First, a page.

going to a microgravity environment, to allow the wavefunction
to expand over a coherence time of many seconds. Moreover,
environmental decoherence would need to be suppressed by
setting the ambient pressure to below 10
mbar and by cooling
the apparatus to cryogenic temperatures
; (Fig. 2). The biggest
challenge, both for OTIMA interferometry and the realization of
a projective double slit, is the preparation of size-selected neutral
particles in ultra-high vacuum at low internal and motional
temperatures. Some promising first steps have been achieved
by recent demonstrations of optical feedback cooling
cavity cooling
Will the quantum superposition principle stand the test of time?
We have emphasized that this question is neither crazy nor
heretical. Objective modifications of quantum mechanics can be
set up that agree with all observations and experiments so far,
while describing a tangible breakdown of quantum theory at the
macroscale. Whether quantum mechanics is universally valid is
thus not an issue of conviction or metaphysical reasoning, but an
empirical question, to be answered only by future experiments.
A great variety of quantum systems may be used to demonstrate
mechanical superposition states, whose mass, geometric size and
delocalization scales may vary by orders of magnitude. Any such
quantum test, if carried out successfully, will rule out a generic
class of objective modifications of quantum mechanics. Using
the scope of this falsified class as a yardstick, it is remarkable
that totally dierent experimental approaches lead to comparable
degrees of macroscopicity (Fig. B1). This suggests that there is no
single golden strategy to be pursued, and much will depend on
experimental advances and ideas. It is thus a long and exciting
journey into the realm of large quantum superpositions, and one
worth taking.
Received 8 August 2013; accepted 9 December 2013;
published online 1 April 2014
NATURE PHYSICS | VOL 10 | APRIL 2014 | 275
2014 Macmillan Publishers Limited. All rights reserved.

1. Dowling, J. P. & Milburn, G. J. Quantum technology: The second quantum
revolution. Phil. Trans. A 361, 16551674 (2003).
2. Zeilinger, A. Experiment and the foundations of quantum physics. Rev. Mod.
Phys. 71, S288S297 (1999).
3. Trabesinger, A. Quantum simulation. Nature Phys. 8, 263263 (2012).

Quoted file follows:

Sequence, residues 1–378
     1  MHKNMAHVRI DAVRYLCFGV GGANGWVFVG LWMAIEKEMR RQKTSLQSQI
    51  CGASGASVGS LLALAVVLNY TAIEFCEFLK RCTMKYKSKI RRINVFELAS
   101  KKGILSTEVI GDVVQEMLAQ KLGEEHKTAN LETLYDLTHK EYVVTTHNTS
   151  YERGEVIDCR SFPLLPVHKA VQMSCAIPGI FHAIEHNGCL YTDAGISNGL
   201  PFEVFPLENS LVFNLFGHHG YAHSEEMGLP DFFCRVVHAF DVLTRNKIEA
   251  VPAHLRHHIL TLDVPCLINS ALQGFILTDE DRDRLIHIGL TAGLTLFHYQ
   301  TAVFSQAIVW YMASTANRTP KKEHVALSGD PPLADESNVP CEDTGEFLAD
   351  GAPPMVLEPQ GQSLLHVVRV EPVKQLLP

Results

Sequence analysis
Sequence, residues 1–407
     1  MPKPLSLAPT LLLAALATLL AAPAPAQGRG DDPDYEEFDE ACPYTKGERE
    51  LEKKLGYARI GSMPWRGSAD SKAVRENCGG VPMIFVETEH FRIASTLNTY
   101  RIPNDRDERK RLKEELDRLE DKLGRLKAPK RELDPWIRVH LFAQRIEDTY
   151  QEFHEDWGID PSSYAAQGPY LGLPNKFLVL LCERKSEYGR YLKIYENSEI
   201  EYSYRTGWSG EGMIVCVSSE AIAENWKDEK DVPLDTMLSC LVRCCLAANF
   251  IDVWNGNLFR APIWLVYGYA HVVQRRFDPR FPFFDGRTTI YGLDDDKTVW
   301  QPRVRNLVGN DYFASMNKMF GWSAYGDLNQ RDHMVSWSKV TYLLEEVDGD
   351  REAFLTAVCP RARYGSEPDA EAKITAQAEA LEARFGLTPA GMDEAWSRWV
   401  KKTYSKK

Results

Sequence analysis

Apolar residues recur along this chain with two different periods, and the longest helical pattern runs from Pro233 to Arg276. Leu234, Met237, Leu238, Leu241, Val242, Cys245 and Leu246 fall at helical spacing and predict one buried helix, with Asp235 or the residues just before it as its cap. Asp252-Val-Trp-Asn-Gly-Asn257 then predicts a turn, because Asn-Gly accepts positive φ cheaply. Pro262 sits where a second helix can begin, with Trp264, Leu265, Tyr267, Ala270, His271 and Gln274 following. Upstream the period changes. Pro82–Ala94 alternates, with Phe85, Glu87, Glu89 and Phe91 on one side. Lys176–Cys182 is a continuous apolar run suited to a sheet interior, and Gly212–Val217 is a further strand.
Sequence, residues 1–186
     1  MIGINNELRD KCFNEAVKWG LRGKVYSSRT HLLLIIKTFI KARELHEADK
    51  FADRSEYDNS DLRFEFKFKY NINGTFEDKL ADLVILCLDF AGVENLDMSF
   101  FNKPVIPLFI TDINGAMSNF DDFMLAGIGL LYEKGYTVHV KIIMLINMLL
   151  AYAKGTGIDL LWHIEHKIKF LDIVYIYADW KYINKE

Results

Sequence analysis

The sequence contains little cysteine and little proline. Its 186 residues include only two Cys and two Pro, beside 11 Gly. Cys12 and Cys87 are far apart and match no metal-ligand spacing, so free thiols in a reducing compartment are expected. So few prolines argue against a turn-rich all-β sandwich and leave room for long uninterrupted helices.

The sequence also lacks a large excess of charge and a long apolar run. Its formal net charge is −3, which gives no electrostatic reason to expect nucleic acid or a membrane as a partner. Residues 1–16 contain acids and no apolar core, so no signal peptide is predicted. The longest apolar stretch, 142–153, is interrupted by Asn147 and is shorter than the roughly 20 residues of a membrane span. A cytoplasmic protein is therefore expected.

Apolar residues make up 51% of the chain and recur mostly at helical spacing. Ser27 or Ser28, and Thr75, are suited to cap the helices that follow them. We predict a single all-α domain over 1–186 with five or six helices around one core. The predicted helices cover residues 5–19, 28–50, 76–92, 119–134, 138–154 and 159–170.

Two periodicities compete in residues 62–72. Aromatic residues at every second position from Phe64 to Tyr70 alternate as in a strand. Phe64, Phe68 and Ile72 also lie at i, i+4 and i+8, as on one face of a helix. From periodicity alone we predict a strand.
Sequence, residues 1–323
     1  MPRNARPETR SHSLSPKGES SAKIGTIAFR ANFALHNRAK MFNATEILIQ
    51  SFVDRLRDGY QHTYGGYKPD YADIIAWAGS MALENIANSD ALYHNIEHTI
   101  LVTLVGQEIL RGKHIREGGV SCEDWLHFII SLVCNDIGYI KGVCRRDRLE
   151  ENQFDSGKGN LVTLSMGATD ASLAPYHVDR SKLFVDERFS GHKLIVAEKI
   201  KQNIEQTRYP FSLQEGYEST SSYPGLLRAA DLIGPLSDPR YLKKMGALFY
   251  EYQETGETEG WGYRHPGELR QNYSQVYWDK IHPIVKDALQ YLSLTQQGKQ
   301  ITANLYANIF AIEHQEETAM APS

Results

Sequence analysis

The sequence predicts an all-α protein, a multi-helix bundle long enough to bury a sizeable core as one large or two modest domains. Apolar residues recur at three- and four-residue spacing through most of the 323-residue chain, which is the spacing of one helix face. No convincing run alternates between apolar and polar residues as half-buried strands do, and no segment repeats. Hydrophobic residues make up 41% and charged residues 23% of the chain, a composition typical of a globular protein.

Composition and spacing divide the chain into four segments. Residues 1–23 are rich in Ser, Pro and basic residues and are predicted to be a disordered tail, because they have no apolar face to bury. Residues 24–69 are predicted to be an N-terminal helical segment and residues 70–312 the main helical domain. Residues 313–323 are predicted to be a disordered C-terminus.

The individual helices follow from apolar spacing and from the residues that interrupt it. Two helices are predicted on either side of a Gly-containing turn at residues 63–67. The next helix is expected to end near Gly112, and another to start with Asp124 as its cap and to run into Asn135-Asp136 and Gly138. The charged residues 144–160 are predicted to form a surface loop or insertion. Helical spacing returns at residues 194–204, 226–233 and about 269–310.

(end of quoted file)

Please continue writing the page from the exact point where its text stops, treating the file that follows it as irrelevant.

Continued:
4. Bennett, C. H. & DiVincenzo, D. P. Quantum information and computation.
Nature 404, 247255 (2000).
5. Southwell, K. Quantum coherence. Nature 453, 10031003 (2008).
6. Giovannetti, V., Lloyd, S. & Maccone, L. Advances in quantum metrology.
Nature Phys. 5, 222229 (2011).
7. Riedel, M. F. et al. Atom-chip-based generation of entanglement for quantum
metrology. Nature 464, 11701173 (2010).
8. Gross, C., Zibold, T., Nicklas, E., Estve, J. & Oberthaler, M. K. Nonlinear
atom interferometer surpasses classical precision limit. Nature 464,
11651169 (2010).
9. Haroche, S. Nobel Lecture: Controlling photons in a box and exploring the
quantum to classical boundary. Rev. Mod. Phys. 85, 10831102 (2013).
10. Wineland, D. J. Nobel Lecture: Superposition, entanglement, and raising
Schrdingers cat. Rev. Mod. Phys. 85, 11031114 (2013).
11. Joos, E. et al. Decoherence and the Appearance of a Classical World in Quantum
Theory 2nd edn (Springer, 2003).
12. Zurek, W. H. Decoherence, einselection, and the quantum origins of the
classical. Rev. Mod. Phys. 75, 715775 (2003).
13. Lalo, F. Do We Really Understand Quantum Mechanics? (Cambridge Univ.
Press, 2012).
14. Fickler, R. et al. Quantum entanglement of high angular momenta. Science
338, 640643 (2012).
15. Ma, X. S. et al. Quantum teleportation over 143 kilometres using active
feed-forward. Nature 489, 269273 (2012).
16. Kirchmair, G. et al. Observation of quantum state collapse and revival due to
the single-photon Kerr eect. Nature 495, 205209 (2013).
17. Monz, T. et al. 14-qubit entanglement: Creation. Phys. Rev. Lett. 106,
130506 (2011).
18. Julsgaard, B., Kozhekin, A. & Polzik, E. S. Experimental long-lived
entanglement of two macroscopic objects. Nature 413, 400403 (2001).
19. Devoret, M. H. & Schoelkopf, R. J. Superconducting circuits for quantum
information: An outlook. Science 339, 11691174 (2013).
20. Clarke, J. & Wilhelm, F. K. Superconducting quantum bits. Nature 453,
10311042 (2008).
21. Friedman, J., Patel, V., Chen, W., Tolpygo, S. & Lukens, J. Quantum